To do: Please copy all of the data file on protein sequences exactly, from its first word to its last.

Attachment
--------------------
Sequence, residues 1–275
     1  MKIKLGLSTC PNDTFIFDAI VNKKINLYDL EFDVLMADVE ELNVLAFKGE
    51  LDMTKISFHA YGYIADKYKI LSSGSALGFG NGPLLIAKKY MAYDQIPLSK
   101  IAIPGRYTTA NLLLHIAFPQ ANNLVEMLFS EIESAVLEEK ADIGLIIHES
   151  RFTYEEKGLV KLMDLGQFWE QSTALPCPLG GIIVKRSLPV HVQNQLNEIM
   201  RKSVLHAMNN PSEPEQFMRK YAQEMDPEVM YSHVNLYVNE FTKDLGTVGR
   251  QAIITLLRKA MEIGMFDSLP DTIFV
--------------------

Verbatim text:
Sequence, residues 1–275
     1  MKIKLGLSTC PNDTFIFDAI VNKKINLYDL EFDVLMADVE ELNVLAFKGE
    51  LDMTKISFHA YGYIADKYKI LSSGSALGFG NGPLLIAKKY MAYDQIPLSK
   101  IAIPGRYTTA NLLLHIAFPQ ANNLVEMLFS EIESAVLEEK ADIGLIIHES
   151  RFTYEEKGLV KLMDLGQFWE QSTALPCPLG GIIVKRSLPV HVQNQLNEIM
   201  RKSVLHAMNN PSEPEQFMRK YAQEMDPEVM YSHVNLYVNE FTKDLGTVGR
   251  QAIITLLRKA MEIGMFDSLP DTIFV